Reviewing Chicago advertising is like a ride on the Love Boat!

February 9, 2009

Can I get you a drink, Chicago?

Can I get you a drink, Chicago?

A friend called my writing last week on Gods the “Love Boat marathon.” And I suppose it was. As most of you know, I looked at five marvelous but unheralded campaigns from five different Chicago advertising agencies. We hear a lot about what’s wrong with the Chicago advertising community. I decided to go another way. I held to the good, as my pastor instructed. (Don’t you love that line?)

Sure, a few cynics made fun and/or took exception with some of my “picks.” That’s inevitable, especially in the blogosphere. Still, the vast majority of readers were pleased by the examination. Online and off, I received many pats on the back for, basically, giving others a pat on the back. Proof positive that good always begets good, even in the supposedly cutthroat world of advertising, perhaps especially in our world.

I’ve written a lot about schadenfreude in advertising, of how we are all so sensitive and paranoid that we actually take pleasure in our peer’s misfortunes: in the lost pitches, laid off colleagues and deposed leaders. I maintain that we advertising folk, always seeking approval, have insecurities so ingrained in our psyches we almost can’t help ourselves. Almost. (BTW, this week I’m writing about the topic on Talent Zoo.)

Lord knows I’m not an angel. As does anyone who knows me! I’ve drunk from the cup of cynicism. I’ve indulged in the forbidden fruit of mean-spiritedness. Yet, I don’t want to be that guy. And neither, I’ll bet, do my peers. The material gains are minimal and the emotional hangovers are nothing short of debilitating.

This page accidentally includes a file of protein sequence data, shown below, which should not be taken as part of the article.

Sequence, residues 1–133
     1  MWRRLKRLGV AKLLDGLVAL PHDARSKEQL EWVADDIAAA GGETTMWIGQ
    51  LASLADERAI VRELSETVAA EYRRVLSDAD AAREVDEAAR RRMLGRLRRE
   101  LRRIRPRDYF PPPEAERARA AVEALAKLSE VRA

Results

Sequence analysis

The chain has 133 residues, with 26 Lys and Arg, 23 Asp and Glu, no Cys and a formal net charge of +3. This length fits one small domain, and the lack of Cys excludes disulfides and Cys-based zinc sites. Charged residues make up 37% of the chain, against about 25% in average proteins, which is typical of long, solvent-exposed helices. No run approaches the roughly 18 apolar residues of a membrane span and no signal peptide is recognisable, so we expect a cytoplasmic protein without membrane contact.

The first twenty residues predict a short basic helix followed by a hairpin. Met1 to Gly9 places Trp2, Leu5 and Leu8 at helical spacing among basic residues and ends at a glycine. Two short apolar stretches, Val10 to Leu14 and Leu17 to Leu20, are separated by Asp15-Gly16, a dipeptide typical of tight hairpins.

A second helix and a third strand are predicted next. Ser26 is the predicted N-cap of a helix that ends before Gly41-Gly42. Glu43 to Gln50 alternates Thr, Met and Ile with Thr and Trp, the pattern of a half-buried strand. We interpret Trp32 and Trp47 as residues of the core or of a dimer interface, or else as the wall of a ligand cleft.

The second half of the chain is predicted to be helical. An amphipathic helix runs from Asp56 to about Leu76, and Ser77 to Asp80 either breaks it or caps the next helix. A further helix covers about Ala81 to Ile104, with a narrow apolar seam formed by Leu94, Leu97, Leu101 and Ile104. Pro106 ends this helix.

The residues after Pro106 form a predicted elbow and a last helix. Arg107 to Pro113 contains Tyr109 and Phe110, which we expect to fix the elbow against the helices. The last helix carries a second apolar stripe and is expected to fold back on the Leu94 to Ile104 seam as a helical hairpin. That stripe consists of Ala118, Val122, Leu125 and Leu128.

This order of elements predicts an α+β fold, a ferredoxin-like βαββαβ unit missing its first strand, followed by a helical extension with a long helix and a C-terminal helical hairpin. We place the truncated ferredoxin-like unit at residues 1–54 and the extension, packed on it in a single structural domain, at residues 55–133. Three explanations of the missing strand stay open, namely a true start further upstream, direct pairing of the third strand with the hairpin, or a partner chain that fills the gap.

And so, leaving the past, we try and do the next right thing. And we are successful.

Last year, we pulled together and resurrected the Chicago Creative Club from its very sorry state. No need to rehash all that was wrong with the CCC. (If you must, just search this blog’s archives.) The point is we turned the once-contentious event into a community-building celebration of our town’s creativity.

While there’s still plenty of room for improvement there was also a lot to be proud of. This year’s show can be even better, despite the crippling financial crisis. But only if we hold to the good.

And only if we work together. In this context, praising each other’s work, as opposed to maligning it, seemed like the right thing to do. I hope to do this again soon. And I hope others do as well.

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